Retail stores are increasingly being seen as ‘soft targets’ for armed robberies and innocent shoppers are often caught in the cross fire
Buddy Anderson, retail specialist for ADT, says that while the larger retail stores have tended to contract security guards at their front entrances, these guards are not specifically trained to manage violent situations but rather to deter would-be shoplifters. Even those centres that have contracted outsourced security companies have very little chance of averting a robbery as the gangs usually work in large numbers and overpower existing guards. Anderson says retailers in some instances have installed CCTV cameras to help in surveillance, as well as sophisticated alarm systems. While these play a valuable role, a centre needs to approach its security in an holistic manner and they need to ensure all security staff comply with minimum training standards.
Recent studies have shown that most armed robberies occur on a Sunday with the highest financial losses being on a Tuesday. The robberies are either perpetrated very early in the morning prior to opening the store to customers, or at closing time. Clearly retailers have their highest sales over weekends and the takings are only banked after the weekend, usually on a Tuesday. Many retailers have resorted to utilising CIT (cash in transit) services to collect their banking on a daily basis which tends to improve the situation to a certain extent. "The robberies have unfortunately not dissipated and have moved to what is known as 'cross pavement' robberies where attacks are now being diverted to the security guards transporting the banking for the retailers," says Anderson. Many of the larger retailers have accordingly either arranged that cash is collected through the back areas of their stores or have implemented a drop safe system which entails collection from the outside of the premises.
The other danger point in a retail environment is ATMs, which involve not only firearms but sometimes explosives as well.
Anderson believes both centre owners and tenants need to better co-ordinate efforts to gain greater insight into how they should deal with security preparedness and response in the event of robberies. He says a detailed risk assessment should be conducted together with documented preventative measures and emergency procedures, and training should be carried out on a regular basis involving all concerned. This includes liaison with local law enforcement.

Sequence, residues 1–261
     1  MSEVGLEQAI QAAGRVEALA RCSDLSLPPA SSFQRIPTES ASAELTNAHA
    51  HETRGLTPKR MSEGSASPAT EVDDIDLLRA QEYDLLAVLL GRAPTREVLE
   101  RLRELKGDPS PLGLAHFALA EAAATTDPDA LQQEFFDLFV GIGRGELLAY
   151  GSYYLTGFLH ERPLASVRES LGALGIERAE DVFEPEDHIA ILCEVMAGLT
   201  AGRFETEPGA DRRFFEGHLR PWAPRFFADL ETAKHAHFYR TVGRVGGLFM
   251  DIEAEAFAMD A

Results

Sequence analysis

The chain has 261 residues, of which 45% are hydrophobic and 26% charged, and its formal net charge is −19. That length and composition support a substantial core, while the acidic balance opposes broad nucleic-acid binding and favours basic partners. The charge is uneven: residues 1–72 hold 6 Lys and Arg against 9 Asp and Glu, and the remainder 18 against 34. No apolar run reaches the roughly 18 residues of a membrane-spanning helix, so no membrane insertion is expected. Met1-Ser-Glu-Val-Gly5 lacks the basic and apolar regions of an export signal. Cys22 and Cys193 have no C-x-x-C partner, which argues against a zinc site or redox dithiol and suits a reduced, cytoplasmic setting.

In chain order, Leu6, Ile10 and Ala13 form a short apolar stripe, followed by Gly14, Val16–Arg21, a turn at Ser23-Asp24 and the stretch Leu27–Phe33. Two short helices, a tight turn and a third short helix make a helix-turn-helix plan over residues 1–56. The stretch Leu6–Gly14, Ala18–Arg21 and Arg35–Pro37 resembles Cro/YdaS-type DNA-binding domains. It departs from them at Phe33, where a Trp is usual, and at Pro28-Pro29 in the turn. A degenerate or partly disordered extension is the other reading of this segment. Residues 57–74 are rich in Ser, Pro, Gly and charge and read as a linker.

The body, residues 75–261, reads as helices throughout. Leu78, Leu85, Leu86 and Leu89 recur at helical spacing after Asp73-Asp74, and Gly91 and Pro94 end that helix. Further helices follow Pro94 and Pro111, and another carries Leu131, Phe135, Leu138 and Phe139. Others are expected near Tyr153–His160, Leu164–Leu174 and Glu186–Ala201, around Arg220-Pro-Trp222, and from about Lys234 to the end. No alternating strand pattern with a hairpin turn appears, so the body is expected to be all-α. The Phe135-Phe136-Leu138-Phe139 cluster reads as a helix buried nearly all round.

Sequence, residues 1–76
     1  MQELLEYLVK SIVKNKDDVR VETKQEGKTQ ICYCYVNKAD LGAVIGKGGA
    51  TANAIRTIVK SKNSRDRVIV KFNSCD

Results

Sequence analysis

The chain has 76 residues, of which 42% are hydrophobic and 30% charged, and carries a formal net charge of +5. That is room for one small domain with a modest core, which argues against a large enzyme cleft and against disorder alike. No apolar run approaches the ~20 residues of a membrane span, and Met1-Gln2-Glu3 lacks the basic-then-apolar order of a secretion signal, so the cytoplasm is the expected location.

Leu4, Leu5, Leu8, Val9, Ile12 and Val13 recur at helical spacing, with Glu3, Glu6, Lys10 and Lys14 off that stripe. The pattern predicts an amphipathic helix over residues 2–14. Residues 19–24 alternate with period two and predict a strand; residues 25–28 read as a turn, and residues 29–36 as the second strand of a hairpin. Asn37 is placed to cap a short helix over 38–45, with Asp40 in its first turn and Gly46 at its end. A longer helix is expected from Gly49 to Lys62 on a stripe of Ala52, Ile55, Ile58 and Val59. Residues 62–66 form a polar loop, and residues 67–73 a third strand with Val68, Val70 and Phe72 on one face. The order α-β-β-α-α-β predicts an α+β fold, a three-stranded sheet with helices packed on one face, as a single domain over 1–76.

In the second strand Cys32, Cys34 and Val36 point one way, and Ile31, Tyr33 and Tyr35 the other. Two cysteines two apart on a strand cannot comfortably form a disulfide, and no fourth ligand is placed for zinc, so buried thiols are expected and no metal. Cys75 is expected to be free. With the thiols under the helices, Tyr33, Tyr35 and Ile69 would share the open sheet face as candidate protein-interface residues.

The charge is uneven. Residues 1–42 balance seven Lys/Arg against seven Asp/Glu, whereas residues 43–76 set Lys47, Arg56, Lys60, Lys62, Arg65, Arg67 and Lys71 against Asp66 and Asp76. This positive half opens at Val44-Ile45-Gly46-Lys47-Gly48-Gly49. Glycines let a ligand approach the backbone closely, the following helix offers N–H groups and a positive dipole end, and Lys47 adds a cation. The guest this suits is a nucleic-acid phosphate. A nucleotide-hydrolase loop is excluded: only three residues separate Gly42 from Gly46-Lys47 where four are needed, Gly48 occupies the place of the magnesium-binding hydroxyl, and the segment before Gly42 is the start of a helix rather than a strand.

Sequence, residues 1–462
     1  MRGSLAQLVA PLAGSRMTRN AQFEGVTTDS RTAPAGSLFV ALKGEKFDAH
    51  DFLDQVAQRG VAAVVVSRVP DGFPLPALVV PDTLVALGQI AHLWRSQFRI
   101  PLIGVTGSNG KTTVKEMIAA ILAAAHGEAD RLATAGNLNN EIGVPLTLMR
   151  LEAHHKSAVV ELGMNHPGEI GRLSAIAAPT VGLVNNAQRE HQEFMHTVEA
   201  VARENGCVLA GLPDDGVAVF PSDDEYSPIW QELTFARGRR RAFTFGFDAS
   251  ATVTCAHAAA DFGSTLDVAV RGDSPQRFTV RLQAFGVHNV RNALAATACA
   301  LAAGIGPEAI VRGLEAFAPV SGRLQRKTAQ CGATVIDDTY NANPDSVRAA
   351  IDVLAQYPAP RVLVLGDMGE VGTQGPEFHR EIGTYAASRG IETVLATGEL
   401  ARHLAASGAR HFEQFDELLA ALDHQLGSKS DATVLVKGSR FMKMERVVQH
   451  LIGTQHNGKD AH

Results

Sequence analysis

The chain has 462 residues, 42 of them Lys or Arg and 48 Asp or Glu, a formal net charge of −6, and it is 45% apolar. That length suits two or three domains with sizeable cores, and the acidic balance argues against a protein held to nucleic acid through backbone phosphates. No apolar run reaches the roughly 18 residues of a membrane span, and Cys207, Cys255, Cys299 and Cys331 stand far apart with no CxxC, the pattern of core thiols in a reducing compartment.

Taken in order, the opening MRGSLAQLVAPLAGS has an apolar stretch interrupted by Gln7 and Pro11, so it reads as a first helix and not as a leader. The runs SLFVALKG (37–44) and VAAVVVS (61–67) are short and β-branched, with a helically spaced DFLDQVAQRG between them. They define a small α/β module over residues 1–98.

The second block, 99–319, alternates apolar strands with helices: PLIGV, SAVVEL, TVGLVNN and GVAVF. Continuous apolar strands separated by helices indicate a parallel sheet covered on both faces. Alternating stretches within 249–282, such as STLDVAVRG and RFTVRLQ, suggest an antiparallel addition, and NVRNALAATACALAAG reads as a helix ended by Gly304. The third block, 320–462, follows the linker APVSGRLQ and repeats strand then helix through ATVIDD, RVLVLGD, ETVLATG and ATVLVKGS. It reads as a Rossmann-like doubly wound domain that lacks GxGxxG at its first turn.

Ideally the following processes need to be investigated and implemented - risk assessment, hazards analysis, emergency plans, training of staff, mutual aid and a communication network.
"Without a proper risk assessment of the possible hazards involved in an armed robbery situation, it is difficult for mall managers to be pro-active in the protection of their tenants and the customers that shop on a daily basis," says Anderson.
He says with the hazards analysis and the necessary collaboration and commitment of all concerned, centre owners will be able to offer solutions to minimise the occurrence of the same and these would include the use of high-end CCTV and access control
Documented emergency plans can be put into place with assigned responsibilities to who should carry out specific actions should an incident occur.
Training of all tenant staff needs to be conducted as well as outsourced and contracted security staff together with periodic testing, revision and drills.
With regards mutual aid, an agreement needs to be formulated between the security organisations within the shopping centre in regard to participation. This would also include the South African Police Services cash in transit companies, alarm companies, armed response and all emergency services.
A communication network then needs to be set up so that information can be relayed to all parties concerned and action taken as soon as possible. In addition there should be regular meetings of all representatives.
Finally, there is a need for property developers to integrate their efforts with law enforcement initiatives as well as service providers to the tenants in the shopping centres.
"The days when crimes of this nature were seen to be the sole responsibility of the police and crime prevention initiatives are over. The only way to ensure the shopping environment is kept safe is through a collaborative partnership with all the relevant stakeholders," concludes Anderson.
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